But I think Chrome was and still is a better browser than IE11 even for people who aren't tech savvy. There really isn't any reason to use IE11 at all. It's just not a good browser. Like I said, why use something slower, less secure and less flexible, with fewer features, if you don't have to?

 

 

Where did I get the idea from? Perhaps from benchmarks? I mean this shouldn't be a hard concept to understand. It's like asking "where did you get the idea that a 2080 Ti is faster than a 1660 from? I can't tell a difference in games". It doesn't really matter if YOU can't tell a difference when there is objectively a large difference which can be scientifically and reliably measured.

If you couldn't tell a difference then good for you a guess. I guess it's like with people who claim they can't notice a difference between 30 FPS and 60 FPS. Good for you I guess, but just because you somehow can't tell the difference doesn't mean it doesn't exist.

 

 

Yes you have mentioned this several times. It is the 1 thing you have managed to mention where IE11 might have any kind of benefit. I really don't get why you'd want to have to allow each individual cookie though. Just allow first party cookies and block third party cookies and you're set.

If being able to get prompted for each individual cookie is worth sacrificing speed, flexibility, security and compatibility for then go ahead. Don't come here and say IE11 is a good browser though because it is demonstrably bad.

The classic communication argument.  Is it the burden of the speaker to make themselves understood? Or the burden of the listener to understand what was being said?


Life is like a bowl of chocolates: there are all these little crinkly paper cups everywhere.

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5 minutes ago, Bombastinator said:

The classic communication argument.  Is it the burden of the speaker to make themselves understood? Or the burden of the listener to understand what was being said?

Well when the speaker makes several analogies and try to explain their point as well as possible, and the listener counters with something completely different then I'd say it's up to the listener to try again.

Especially when the speaker have said the exact opposite of what the listener argues against.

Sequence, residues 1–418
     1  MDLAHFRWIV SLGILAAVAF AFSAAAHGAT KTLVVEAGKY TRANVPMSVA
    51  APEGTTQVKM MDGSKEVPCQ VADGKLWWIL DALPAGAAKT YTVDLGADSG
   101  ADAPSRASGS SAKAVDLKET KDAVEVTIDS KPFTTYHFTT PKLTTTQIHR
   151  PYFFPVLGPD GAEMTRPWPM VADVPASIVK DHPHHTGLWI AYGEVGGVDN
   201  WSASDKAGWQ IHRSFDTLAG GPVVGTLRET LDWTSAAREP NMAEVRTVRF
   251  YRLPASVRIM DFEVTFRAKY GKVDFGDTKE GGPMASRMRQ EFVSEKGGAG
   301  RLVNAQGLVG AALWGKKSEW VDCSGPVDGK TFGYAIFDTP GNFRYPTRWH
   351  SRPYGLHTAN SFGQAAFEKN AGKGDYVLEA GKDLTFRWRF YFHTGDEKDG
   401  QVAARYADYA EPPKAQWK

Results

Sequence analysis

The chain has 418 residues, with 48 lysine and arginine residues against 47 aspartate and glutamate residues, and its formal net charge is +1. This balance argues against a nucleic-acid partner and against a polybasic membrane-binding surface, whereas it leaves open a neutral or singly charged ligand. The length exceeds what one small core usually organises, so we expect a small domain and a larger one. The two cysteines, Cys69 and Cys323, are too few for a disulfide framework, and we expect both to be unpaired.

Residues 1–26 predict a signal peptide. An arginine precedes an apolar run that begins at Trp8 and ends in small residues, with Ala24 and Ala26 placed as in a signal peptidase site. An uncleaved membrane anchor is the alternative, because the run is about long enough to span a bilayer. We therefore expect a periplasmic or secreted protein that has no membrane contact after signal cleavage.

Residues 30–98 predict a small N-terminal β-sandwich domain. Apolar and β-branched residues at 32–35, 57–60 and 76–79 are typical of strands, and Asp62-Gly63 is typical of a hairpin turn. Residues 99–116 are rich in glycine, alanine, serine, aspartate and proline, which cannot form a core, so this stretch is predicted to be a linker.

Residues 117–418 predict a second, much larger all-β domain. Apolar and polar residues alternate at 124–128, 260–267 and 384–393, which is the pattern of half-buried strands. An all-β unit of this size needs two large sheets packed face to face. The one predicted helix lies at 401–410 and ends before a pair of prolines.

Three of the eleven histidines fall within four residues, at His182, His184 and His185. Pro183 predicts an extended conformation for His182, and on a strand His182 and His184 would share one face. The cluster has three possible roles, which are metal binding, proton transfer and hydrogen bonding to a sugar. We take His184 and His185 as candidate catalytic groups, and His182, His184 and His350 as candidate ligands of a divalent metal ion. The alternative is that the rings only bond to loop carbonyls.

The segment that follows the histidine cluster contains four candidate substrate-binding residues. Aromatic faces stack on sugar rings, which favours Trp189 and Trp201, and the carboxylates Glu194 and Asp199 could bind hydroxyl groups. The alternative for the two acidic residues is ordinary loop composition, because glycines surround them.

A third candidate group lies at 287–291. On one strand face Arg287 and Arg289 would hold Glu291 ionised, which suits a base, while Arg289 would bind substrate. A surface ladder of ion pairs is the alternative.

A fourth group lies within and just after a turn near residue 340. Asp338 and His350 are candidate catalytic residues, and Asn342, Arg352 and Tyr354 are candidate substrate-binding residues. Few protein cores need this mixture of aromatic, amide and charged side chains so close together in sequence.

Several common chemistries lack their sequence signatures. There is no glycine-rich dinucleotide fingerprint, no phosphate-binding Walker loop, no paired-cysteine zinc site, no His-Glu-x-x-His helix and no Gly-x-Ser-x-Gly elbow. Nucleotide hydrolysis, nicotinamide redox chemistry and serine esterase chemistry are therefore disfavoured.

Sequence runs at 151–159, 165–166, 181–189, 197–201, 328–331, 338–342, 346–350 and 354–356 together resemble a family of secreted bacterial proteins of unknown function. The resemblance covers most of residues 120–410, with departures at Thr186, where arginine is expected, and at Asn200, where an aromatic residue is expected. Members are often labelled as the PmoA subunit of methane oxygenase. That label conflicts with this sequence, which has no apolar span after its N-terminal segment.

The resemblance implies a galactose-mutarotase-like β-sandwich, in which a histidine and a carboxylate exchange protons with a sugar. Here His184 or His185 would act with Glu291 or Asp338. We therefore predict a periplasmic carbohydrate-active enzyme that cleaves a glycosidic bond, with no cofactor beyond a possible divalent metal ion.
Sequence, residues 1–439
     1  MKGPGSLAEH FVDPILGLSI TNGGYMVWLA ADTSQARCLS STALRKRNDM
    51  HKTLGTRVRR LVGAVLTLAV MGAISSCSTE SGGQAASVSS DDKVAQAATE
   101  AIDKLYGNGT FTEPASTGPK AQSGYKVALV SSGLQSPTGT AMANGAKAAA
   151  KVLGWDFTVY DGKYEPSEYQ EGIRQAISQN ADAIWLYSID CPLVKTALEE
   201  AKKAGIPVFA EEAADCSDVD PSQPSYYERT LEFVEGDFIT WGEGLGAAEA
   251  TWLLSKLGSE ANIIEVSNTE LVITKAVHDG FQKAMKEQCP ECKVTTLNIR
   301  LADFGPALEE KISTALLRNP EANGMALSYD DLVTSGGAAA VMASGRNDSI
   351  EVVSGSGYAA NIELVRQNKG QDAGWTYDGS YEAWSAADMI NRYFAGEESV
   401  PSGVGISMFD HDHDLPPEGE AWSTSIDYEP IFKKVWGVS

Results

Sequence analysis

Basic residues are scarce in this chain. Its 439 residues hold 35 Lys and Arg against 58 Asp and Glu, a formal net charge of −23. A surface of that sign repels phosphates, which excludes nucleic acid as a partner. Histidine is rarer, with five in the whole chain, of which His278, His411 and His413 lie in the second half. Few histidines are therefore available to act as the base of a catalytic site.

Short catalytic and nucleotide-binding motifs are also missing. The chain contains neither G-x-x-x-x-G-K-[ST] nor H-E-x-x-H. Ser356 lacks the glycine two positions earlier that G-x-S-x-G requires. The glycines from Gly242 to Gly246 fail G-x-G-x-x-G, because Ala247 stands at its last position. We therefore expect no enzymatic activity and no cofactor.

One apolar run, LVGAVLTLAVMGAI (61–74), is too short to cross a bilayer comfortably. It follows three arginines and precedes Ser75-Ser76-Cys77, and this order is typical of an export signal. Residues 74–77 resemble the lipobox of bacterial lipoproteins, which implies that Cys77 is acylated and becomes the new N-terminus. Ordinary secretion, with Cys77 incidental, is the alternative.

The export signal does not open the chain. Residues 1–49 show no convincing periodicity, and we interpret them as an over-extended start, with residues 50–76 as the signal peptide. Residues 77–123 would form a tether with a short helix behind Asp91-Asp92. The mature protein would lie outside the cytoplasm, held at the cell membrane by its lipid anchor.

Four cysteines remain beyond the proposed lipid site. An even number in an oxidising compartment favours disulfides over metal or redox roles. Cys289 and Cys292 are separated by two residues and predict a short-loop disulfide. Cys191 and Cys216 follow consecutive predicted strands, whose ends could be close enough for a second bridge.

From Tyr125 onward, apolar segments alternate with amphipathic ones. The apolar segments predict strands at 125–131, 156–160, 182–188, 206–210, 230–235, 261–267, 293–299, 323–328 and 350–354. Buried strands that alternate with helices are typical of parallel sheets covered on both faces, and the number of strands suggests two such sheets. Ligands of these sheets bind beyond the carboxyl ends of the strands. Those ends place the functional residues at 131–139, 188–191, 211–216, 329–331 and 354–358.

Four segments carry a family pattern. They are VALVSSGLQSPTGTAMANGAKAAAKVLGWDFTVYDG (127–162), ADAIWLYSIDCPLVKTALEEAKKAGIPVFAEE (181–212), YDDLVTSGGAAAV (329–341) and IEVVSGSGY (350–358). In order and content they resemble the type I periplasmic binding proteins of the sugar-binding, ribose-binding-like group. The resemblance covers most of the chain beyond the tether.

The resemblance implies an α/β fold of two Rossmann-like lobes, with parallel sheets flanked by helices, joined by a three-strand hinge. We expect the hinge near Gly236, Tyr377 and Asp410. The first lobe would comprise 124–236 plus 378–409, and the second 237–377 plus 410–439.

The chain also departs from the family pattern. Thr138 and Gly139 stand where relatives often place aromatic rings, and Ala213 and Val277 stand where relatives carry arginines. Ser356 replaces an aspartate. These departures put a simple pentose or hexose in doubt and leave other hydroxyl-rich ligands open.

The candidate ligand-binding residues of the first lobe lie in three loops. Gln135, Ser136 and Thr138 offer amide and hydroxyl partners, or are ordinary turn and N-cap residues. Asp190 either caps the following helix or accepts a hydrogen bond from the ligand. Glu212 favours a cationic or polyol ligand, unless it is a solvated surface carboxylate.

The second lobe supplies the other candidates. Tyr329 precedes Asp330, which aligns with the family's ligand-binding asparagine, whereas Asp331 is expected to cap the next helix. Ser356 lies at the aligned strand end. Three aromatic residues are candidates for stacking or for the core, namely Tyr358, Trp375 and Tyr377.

If a vegan says "eating meat is bad" and the listener says "so you think eating meat is good!?" then I think it's the listener that's at fault.

 

 

Here is what I said:

4 hours ago, LAwLz said:

If you were to compare two identical pieces of software but one was open source and the other one wasn't, the open source one would be better for end users.

to which he replied with "Photoshop is better than GIMP", which is irrelevant because they are clearly not identical. GIMP and Photoshop are two very different programs. If we had Photoshop and Photostop-Open, which were identical in terms of features, performance, looks, support, and so on, then Photoshop-Open would be the better alternative for users. Why? Because it would provide them with more freedom such as making modifications, and they could look at how the program works to ensure no foul play (like secret spying)

 

I also said:

4 hours ago, LAwLz said:

Several users also refuse to use anything that isn't open source for ideological reasons.

Which he completely ignored and once again just went "I like some closed source PDF programs over open source ones, therefore closed source is better".

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7 hours ago, LAwLz said:

...

? You are just making me tired all over. Also, if your reading skills are so great, why have you not noticed I'm a woman, not a man? For crying out loud, my user name is LADY Fitzgerald and my signature is JEANNIE; how obvious does it have to be? You also have misquoted me several times. I give up; I have better things to do than to argue with someone who can't pay attention. Bye.


Jeannie

 

As long as anyone is oppressed, no one will be safe and free.

One has to be proactive, not reactive, to ensure the safety of one's data so backup your data! And RAID is NOT a backup!

 

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5 hours ago, Lady Fitzgerald said:

? You are just making me tired all over. Also, if your reading skills are so great, why have you not noticed I'm a woman, not a man? For crying out loud, my user name is LADY Fitzgerald and my signature is JEANNIE; how obvious does it have to be? You also have misquoted me several times. I give up; I have better things to do than to argue with someone who can't pay attention. Bye.

IE11 has objectively worse HTML5 support than any other web browser. Period. I even provided evidence for that earlier on.

 

IE11 is demonstrably the worst browser, with even old Edge being far superior. Look at my post on the first page.


"We also blind small animals with cosmetics.
We do not sell cosmetics. We just blind animals."

 

"Please don't mistake us for Equifax. Those fuckers are evil"

 

This PSA brought to you by Equifacks.
PMSL

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47 minutes ago, Dabombinable said:

IE11 has objectively worse HTML5 support than any other web browser. Period. I even provided evidence for that earlier on...

Curious. I never had any trouble watching a video with the exception of the rare Adobe Flash video holdouts after I removed Flash.


Jeannie

 

As long as anyone is oppressed, no one will be safe and free.

One has to be proactive, not reactive, to ensure the safety of one's data so backup your data! And RAID is NOT a backup!

 

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1 hour ago, Lady Fitzgerald said:

Curious. I never had any trouble watching a video with the exception of the rare Adobe Flash video holdouts after I removed Flash.